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A report on the massive bones found throughout the Bonemire and one possible explanation for their origins.
Prepared by the archaeology sub-team, Drednever Expedition.
The Overrealm has many remarkable features. Every sky island visited so far by the Drednever Expedition has provided such a wide variety of objects for study. Our team of archaeologists has sub-divided into specialty groups. Our group, led by Drab Dreadful, is responsible for exhuming organic matter. In areas where flora is not abundant, we concentrate on remnants of fauna, such as bones.
It can certainly be argued that calcified bone deposits are not quite the same organic matter as, say, leaves. Still, in the Bonemire, we have many more bones than flora, so our work is never done. Our research is still somewhat confined to the local area of our most unfortunate ship. Though there are somewhat friendly indigenous creatures, our numbers are too small to risk getting into any altercations with the others. Drab packed some camping supplies and off we set. Our task: identify the large bones scattered throughout these islands.
It is impossible to travel to any of the Bonemire's islands without seeing these massive piles of bones. Jutting up from the strangely colored landscape are enormous rib cages, vast lengths of vertebrae and gigantic, elongated skulls. The sheer number of these skeletons is staggering. They are much bigger than any remains we have encountered in our travels to date.
Fixing the age of the bones is usually the first thing a team like ours will attempt. That's because we usually have some idea as to what it is we're looking at. The whole Overrealm is a bit out of our league, so to speak. Traditional methods of determining age have proven useless. Instead, we must revert to ancient methods that are often feature wildly inaccurate guesses. Rather than using scientific process of gasseoodigitating the age of nearby artifacts, we looked for wear patterns on the exposed bones.
Wind and weathering will take their toll on exposed organic matter. Many of the bones were exposed to the elements, rather than buried beneath protective layers of stone and clay. Unfortunately, our team has only recently begun gathering data on the local wind and weather. This meant that all we had to go by was instinct. Did these bones look old? Sure enough, they did. That is hardly the basis for quality scientific analysis. It is a small wonder that Drab went insane.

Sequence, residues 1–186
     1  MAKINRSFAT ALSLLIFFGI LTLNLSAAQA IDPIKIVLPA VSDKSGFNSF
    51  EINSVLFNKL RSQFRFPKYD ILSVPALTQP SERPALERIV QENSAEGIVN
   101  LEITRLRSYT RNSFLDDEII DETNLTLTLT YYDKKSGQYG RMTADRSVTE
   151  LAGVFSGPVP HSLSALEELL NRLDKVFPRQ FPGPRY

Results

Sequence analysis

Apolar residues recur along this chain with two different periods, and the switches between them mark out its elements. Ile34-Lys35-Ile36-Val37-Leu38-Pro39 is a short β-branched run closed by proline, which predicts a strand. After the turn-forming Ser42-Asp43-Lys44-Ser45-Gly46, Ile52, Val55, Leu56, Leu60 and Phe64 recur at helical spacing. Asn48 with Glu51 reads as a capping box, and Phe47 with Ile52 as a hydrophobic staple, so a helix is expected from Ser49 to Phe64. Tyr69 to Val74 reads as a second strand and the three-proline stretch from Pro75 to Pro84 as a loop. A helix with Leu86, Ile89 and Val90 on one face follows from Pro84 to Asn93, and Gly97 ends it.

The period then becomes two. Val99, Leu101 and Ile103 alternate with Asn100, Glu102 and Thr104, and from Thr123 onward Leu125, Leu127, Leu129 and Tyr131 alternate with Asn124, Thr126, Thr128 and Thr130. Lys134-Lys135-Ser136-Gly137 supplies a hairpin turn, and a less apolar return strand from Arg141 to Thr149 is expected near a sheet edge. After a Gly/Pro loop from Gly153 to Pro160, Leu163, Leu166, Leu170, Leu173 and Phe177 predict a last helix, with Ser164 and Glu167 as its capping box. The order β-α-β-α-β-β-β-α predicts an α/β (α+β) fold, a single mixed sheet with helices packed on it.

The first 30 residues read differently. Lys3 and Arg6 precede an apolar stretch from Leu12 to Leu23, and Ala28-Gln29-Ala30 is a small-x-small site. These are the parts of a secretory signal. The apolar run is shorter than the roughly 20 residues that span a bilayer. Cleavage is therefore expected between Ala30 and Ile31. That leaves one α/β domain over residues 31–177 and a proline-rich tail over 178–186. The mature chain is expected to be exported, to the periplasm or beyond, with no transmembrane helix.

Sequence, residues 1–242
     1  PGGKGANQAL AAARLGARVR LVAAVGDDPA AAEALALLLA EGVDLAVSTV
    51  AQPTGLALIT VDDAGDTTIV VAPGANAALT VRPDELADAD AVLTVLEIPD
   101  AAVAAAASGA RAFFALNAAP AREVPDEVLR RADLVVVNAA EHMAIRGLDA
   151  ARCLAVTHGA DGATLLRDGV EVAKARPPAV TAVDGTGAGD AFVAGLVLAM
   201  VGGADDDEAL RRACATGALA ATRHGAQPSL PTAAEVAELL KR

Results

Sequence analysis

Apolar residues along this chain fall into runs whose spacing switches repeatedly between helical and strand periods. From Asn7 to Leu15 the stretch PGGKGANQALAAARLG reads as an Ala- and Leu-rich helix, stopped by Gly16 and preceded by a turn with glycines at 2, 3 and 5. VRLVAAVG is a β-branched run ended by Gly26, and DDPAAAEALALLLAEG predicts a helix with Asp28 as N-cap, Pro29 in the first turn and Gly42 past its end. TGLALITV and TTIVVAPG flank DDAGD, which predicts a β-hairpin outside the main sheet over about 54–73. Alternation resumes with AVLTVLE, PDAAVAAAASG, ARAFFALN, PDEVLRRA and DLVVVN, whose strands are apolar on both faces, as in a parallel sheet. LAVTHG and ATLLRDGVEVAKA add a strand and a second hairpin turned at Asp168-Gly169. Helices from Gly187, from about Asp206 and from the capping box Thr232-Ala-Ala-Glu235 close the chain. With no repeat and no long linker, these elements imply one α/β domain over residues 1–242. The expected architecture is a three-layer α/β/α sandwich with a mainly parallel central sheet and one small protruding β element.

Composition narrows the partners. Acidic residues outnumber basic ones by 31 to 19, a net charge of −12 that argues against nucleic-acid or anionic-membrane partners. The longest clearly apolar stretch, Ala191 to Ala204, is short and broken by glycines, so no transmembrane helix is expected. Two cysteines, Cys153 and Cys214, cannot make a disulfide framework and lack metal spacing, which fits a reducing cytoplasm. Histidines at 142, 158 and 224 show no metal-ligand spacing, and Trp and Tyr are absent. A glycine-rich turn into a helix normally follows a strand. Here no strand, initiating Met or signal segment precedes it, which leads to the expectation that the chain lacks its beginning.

The first notion we had that anything was amiss with our team leader is that he would spend much of his time staring at a vertebrae or rib bone. Just staring, not measuring or using a glinxiter or anything. Drab scribbled furiously into his journal, but refused to share his research. The rest of us muddled along as best we could, carefully excavating and documenting bone fragments. It went on like this for quite a while.
We were starting to feel as though Drab might need to return to the base for some rest, when he finally stood straight up and began dancing. "I've solved it! I've solved it!" he crowed, waving his hands in the air as though he just didn't care how close he stood to the edge of the island. When he calmed down slightly, he propped open his journal and showed us the painstaking flow chart he'd been scribbling.
"These large bones are the remains of the current droag!" he explained, jabbing a grubby finger from point to point along his dizzying chart. It was colorful and intersected with bold, slashing lines. "Note the configuration of the tails? See the splendid points where the nasal bones fuse together at the tip?" Drab held his journal in front of himself, sighing in ecstasy. "This, my friends, explains it all." We stared at him, jaws dropped. He had truly gone mad from this endeavor.
"But, sir," said Gimber Gearsmacker hesitantly, "the droag...are kind of short. How do you..."
"Size is ephemeral," Drab responded dismissively.
"Without a way to age the fossils, we can't say anything conclusively," I said. "Have you found..."
"These massive fossils are from their ancestors," said Drab, his eyes narrowing. What ensued was a lively debate concerning how many generations it would take for a creature to shrink so much.
Drab remained adamant in his theory. "You are seeking to discredit me!" he exclaimed more than once, waving his journal in the air like a cleaver. The atmosphere in the Bonemire isn't what we're used to. Drab waved his journal so energetically that he stood on the island's edge flailing for a moment before he disappeared over the edge. His research went with him. While we remaining team member don't think these bones are the droag's ancestors, we aren't really sure what they are.